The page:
Horizontal eCommerce Flaws: No Opportunities for Narrow Specialty

On the other hand, horizontal business integration doesn't let you focus on any industry. Instead, it forces you to concentrate on expansion. This brings certain difficulties.

For instance, the horizontal model requires much more sophisticated marketing strategy, as you need to keep up with countless scopes at the same time. You need to be able to sell books, coffee, smartphones, and other products at the same time. Of course, you can always decide on the range of industries to cover in order to make sure your strategy won't get overcomplicated.

All in all, here are the most significant aspects of horizontal eCommerce:

  • Excellent market coverage;
  • Outstanding versatility and diversification;
  • Limited impact in each individual industry.

Now, let's figure out what vertical integration has to offer.

Vertical eCommerce: The King of the Narrow Hill

VMS (Vertical Marketing System) is the exact opposite of the horizontal approach. It implies concentrating all your efforts on conquering a single market scope. Whether you sell sledgehammers or coffee mugs, it should be the only thing your business specializes in.

The whole point of vertical integration is to bring the best purchase conditions to a small audience. Limiting yourself to a narrow target group, you can deliver greater value with the same expenses. It makes consumers choose you over the competitors. But what makes it feasible?

The point is, by creating a marketing plan for only one segment you save a considerable amount of time and money. It's significantly easier to keep track of a single market sector than to develop a solution for several ones.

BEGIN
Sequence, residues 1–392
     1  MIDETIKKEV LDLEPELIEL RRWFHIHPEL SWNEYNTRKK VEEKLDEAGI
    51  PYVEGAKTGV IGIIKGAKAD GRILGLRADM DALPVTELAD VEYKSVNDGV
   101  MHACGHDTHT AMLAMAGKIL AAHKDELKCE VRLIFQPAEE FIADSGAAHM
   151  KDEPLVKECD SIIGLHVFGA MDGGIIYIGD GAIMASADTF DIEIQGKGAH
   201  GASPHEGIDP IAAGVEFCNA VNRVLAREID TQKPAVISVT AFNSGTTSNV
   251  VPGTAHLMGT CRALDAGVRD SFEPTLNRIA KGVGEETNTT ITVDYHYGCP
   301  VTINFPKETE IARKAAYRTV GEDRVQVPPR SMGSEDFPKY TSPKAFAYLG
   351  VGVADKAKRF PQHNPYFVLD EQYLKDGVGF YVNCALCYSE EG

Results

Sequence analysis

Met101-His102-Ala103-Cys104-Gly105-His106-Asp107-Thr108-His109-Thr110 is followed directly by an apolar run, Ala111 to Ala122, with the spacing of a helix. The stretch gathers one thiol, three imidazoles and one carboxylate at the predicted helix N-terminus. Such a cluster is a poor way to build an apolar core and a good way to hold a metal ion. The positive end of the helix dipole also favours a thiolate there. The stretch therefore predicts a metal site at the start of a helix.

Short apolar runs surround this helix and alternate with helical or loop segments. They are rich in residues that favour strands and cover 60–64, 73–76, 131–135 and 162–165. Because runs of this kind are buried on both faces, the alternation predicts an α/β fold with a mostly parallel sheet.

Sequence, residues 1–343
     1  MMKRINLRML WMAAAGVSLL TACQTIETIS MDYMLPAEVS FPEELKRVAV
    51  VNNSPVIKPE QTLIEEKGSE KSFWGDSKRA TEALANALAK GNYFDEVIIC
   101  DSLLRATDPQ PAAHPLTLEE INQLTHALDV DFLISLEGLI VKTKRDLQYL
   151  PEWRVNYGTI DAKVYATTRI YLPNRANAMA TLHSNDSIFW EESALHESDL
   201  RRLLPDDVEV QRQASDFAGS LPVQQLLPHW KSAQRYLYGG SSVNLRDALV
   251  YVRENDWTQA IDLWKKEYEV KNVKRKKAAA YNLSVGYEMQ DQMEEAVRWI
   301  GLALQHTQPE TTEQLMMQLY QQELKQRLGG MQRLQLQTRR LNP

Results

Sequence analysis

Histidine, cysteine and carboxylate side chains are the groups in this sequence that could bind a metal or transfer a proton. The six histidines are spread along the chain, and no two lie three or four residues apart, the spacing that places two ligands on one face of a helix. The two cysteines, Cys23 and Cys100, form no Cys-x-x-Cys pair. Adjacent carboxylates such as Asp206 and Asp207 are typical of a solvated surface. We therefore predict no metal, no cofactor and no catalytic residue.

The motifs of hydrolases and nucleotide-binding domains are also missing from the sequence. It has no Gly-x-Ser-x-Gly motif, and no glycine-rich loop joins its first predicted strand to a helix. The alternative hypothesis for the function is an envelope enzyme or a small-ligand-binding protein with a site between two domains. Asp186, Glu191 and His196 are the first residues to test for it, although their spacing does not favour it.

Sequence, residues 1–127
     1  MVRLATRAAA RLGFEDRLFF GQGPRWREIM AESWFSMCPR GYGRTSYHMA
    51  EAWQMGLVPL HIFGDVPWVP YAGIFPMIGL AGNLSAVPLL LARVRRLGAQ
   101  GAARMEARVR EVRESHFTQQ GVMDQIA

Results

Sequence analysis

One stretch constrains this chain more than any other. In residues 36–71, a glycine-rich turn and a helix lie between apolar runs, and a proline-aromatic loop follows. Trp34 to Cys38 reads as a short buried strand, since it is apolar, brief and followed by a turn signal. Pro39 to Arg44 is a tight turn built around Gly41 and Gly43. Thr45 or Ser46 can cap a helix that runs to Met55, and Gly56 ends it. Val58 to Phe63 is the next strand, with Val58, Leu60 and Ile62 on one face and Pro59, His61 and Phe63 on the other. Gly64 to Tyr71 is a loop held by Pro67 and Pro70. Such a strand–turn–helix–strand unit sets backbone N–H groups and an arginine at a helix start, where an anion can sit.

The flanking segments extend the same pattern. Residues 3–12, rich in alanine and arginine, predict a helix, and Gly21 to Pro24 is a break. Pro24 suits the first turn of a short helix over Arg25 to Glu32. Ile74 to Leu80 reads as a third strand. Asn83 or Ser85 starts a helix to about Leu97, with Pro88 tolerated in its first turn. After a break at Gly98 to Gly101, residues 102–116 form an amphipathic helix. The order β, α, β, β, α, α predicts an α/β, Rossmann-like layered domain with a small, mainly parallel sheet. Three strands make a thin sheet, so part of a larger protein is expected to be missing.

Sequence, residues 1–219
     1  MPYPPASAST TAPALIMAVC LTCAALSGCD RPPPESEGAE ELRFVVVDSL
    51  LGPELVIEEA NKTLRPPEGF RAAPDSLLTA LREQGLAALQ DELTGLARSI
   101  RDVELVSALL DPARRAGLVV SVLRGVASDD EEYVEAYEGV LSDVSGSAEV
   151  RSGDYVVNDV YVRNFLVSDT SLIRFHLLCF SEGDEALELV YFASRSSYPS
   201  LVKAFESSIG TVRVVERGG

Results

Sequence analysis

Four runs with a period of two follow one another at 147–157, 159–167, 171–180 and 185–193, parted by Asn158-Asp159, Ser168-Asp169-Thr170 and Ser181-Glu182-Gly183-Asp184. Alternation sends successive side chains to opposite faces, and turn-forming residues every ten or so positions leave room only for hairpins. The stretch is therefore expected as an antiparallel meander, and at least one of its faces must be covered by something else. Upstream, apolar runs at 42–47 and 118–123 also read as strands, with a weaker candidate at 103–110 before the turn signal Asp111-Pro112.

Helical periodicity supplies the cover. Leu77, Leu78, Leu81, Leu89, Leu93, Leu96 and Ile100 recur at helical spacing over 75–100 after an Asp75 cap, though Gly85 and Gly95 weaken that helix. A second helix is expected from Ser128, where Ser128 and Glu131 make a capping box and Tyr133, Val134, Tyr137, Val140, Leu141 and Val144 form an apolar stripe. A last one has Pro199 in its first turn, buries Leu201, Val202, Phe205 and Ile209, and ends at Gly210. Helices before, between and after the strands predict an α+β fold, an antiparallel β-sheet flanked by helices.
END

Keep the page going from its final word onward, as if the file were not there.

Vertical Integration Risks: High Dependency on the Market

While being dominant in your own territory is beneficial, it adds some risks to your business. Most importantly, you depend on your industry a lot. Let's consider this aspect using an example.

High Dependency on the Market

Imagine that you are selling, let's say, Bluetooth trackers. These lovely devices are in trend now, and if you've captured the niche, well, you are golden. However, as soon as these devices go out of trend, you will face certain troubles. As you've dedicated all your effort to become the leading tracker seller, you have no backup revenue sources to keep your business alive.

As you see, the vertical integration is only relevant when fundamental market research is conducted. You need to be 100% sure in the stability and growth potential of your market sector to opt for this model. Trying yourself as a vertical business owner in an unexplored industry is counting solely on luck. Don't make this mistake and learn the market segment before integrating your eCommerce vertically.

On the whole, here are the most substantial specifics of vertical eCommerce you should remember:

  • Concentration on one product category;
  • Dominating the market due to providing better services and product quality;
  • Lack of flexibility;
  • Business risks related to market volatility.

The Bottom Line

Vertical and horizontal eCommerce models are effective when implemented correctly. We can hardly name the better one for a marketplace. Just remember to integrate your business horizontally if you want to reduce risks and cover broad audience, or implement the vertical model if you are sure in your scope’s prospects.

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After all, choosing your model isn't the primary issue. It's all about adopting your eCommerce to solve the consumer’s problem more efficiently. Be customer-oriented, and it'll become much easier to choose between the eCommerce integration options we have covered today.

If you need extensive eCommerce expertise in your marketplace project, make sure to reach out to Roobykon today. Our professionals will be glad to help you create a marketplace and integrate your business.